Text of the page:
Their robotic arms are lightweight, which makes their handling easy. The installation is also a breeze, and they even come with the provision of repurposing them for other roles if you have the right technicians on-site to handle that kind of modification.

They are extremely fast when it comes to movements and positioning. Cycle times have been reduced significantly, and this allows more products to be made in half the time. More products translate to more profits, and that’s what every manufacturer works towards.

They come with high-performance controllers that can be operated by just about anyone who has had rudimentary training. This increases productivity since the machines can be kept running no matter who is supervising them on the floor.

They are affordable when you consider the amount of work they can do and the many customizations that can be added. The initial cost may be a little too high, but once they are operational, it only takes a few months for all the investment to return.

They offer high repeatability with the highest accuracy you will ever find in any type of industrial robot. This creates the kind of uniformity for the products that consumers will truly appreciate.

They’re versatile. SCARA robot applications are so many and diverse; it all comes down to the needs you may have. You have the freedom to customize the robots in any way you want and repurpose them for any urgent task.

Limitations of SCARA Robots

An Advanced SCARA Robot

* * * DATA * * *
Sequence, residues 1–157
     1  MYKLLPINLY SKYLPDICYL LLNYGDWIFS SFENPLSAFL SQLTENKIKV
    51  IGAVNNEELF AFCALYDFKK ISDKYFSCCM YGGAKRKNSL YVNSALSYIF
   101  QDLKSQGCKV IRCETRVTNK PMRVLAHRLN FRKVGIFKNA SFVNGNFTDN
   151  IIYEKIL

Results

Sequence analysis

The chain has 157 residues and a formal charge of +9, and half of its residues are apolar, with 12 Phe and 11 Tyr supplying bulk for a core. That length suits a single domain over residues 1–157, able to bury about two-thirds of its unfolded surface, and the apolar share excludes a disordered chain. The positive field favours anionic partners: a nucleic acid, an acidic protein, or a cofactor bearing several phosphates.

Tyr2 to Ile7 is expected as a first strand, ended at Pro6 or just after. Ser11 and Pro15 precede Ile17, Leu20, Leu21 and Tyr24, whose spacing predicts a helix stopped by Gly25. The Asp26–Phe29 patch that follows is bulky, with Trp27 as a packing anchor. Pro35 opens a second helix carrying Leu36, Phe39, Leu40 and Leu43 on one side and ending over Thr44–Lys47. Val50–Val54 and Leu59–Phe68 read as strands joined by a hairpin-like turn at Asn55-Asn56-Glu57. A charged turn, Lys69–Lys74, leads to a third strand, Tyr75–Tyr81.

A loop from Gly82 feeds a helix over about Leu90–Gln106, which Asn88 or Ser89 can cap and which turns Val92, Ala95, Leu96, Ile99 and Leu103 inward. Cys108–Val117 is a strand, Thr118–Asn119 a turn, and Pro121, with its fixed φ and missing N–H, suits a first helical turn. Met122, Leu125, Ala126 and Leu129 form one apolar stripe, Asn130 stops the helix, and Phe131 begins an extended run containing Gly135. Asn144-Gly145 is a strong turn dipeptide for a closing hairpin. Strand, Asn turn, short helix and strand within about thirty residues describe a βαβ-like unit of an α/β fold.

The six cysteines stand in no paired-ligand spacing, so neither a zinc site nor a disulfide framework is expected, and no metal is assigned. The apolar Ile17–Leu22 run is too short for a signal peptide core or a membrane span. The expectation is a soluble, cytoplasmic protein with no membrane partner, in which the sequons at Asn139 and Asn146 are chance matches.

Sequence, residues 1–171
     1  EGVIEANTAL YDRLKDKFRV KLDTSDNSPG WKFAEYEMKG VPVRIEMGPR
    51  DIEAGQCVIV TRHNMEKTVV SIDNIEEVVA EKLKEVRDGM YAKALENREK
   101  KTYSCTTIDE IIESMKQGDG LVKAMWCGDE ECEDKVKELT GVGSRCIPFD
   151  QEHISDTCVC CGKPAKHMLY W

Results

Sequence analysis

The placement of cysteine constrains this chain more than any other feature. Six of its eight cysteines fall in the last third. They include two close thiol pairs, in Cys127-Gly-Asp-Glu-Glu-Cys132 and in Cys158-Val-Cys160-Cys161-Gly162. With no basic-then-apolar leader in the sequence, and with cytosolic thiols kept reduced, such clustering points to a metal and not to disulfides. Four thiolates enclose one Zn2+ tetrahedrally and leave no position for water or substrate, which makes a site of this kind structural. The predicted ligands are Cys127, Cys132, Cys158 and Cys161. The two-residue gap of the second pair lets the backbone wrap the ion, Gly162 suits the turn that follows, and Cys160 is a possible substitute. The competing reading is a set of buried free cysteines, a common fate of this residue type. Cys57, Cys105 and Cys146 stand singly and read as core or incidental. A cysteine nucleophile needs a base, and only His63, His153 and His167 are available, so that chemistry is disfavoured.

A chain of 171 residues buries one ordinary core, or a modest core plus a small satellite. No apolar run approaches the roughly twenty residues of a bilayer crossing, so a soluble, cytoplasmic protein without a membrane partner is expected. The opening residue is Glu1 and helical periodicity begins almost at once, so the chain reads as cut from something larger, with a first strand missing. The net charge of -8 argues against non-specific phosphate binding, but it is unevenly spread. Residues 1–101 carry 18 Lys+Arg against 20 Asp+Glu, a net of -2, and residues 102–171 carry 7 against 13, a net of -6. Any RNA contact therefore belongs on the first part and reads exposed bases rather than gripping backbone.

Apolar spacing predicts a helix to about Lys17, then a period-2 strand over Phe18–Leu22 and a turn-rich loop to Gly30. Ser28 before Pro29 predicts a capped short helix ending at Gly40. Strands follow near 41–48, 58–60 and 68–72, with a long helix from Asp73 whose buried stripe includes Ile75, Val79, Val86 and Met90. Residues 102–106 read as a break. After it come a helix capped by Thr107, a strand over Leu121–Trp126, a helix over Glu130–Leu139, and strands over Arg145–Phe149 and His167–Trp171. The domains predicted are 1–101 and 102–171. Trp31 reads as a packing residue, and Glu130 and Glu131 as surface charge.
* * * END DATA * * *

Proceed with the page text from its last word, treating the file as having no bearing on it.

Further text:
Source: Pinterest

As perfect as they may sound, SCARA robots are not without some drawbacks; they are machines, after all. Some of the inconveniences you are bound to run into when dealing with this type of robot include the following.

They have a limited payload capacity. Their speed comes at the expense of their ability to handle huge loads, and this can be an inconvenience if you have no pick and place robots on the floor to handle that task for you. The maximum load that the average SCARA robot can handle is about 10kg which is very little when you consider the number of products that are churned out in a single day.

Despite having their prices reduced significantly, they still cost a lot. When a single SCARA robot arm retails for something close to $10,000, that only means that not every manufacturer that needs it can afford it.

The envelope found in a SCARA robot is circular, and this works against the performance of the robot. It has limited flexibility and dexterity when it comes to movements, and this makes the robot unsuitable for some tasks.

Conclusion

SCARA robots are more modern compared to a pick & place machine. Both may serve the same function, but SCARA robots easily edge out the other resoundingly. As more developments keep moving forward, it is not that hard to predict how the face of automation will be a decade from now. 

For the manufacturers out there who are looking to automate their factories but haven’t made up their minds on the next steps to take, feel free to check out website and find valuable information that will enlighten you. We have a team of dedicated experts who will be glad to handle any questions you may have regarding the automation process.